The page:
Government

State Cleans up ‘Eyesore’ at Main Yorktown Intersection

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Town Attorney Michael J. McDermott; Town Code Enforcement Officer Jason Zeif; Mary Capoccia; Highway Superintendent Dave Paganelli; Supervisor Michael Grace and Deputy Supervisor Gregory Bernard Credits: Brian Marschhauser
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A DOT truck picks up discarded tree trunks and drops them in a grinder. Credits: Brian Marschhauser
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The site has been a dumping ground for fallen trees for about five years. Credits: Brian Marschhauser
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Editor's Note: An earlier version of this article misquoted Highway Superintendent Dave Paganelli. We regret the error.

YORKTOWN, N.Y. – Long considered an eyesore at one of the “gateways” to Yorktown, the New York State Department of Transportation last week began cleaning up its property at the intersection of routes 100 and 118.

“This is in our town and it looks like crap,” said Highway Superintendent Dave Paganelli. “It’s a terrible eyesore and a lot of our residents access and egress Yorktown through this intersection.”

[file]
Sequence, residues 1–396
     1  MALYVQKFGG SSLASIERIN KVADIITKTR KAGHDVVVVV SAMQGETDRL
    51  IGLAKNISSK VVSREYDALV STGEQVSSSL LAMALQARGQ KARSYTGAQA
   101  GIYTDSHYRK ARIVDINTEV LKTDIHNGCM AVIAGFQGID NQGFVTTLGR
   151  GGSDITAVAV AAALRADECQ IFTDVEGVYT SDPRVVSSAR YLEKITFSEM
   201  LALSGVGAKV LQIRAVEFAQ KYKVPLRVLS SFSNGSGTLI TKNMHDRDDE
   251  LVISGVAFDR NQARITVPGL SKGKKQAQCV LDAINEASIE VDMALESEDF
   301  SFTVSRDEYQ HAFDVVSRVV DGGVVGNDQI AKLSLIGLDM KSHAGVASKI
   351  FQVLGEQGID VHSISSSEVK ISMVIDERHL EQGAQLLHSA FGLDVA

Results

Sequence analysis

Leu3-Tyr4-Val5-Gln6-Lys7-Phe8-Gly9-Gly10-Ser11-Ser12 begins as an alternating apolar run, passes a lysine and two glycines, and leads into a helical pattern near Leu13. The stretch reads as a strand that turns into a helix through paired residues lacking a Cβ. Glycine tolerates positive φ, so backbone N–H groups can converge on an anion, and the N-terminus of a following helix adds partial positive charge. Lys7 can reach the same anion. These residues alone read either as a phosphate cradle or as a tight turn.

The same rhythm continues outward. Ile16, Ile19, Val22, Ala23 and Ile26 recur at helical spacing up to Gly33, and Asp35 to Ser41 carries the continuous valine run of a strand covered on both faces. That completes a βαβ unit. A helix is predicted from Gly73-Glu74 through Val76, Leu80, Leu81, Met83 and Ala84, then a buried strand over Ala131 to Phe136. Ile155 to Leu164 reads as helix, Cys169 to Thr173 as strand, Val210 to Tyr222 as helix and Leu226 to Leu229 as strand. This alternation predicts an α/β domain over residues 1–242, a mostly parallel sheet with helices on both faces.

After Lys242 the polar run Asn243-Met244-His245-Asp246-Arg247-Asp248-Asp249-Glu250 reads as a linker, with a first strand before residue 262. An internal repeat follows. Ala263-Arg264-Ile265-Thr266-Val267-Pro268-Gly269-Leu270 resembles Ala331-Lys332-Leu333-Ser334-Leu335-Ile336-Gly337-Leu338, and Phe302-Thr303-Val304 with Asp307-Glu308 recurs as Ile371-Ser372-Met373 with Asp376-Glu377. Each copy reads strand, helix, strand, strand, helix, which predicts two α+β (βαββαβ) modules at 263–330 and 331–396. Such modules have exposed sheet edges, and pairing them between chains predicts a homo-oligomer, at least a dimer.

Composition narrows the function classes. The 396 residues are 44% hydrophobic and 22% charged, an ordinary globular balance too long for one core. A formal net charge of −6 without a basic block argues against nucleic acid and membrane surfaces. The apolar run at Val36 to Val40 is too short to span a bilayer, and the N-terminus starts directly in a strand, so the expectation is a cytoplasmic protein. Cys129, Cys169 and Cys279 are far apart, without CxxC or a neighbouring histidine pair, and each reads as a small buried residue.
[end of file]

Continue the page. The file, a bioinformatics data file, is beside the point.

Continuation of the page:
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Jason Zeif, the town’s code enforcement officer, said the state-owned land became a dumping ground for fallen trees shortly after Superstorm Sandy in 2012. Instead of eventually cleaning it up, the state kept piling on over the years.

“When trees fall down, they put them here,” Zeif said.

Supervisor Michael Grace said his office has received multiple complaints about the situation. He worked with Paganelli, Zeif, Town Attorney Michael J. McDermott and Deputy Supervisor Greg Bernard on solving the issue. Paganelli said they reached out to the DOT and the two sides reached an agreement.

On Wednesday, March 8, the DOT began the cleanup process, which involves grinding down the trees and transporting the mulch offsite.

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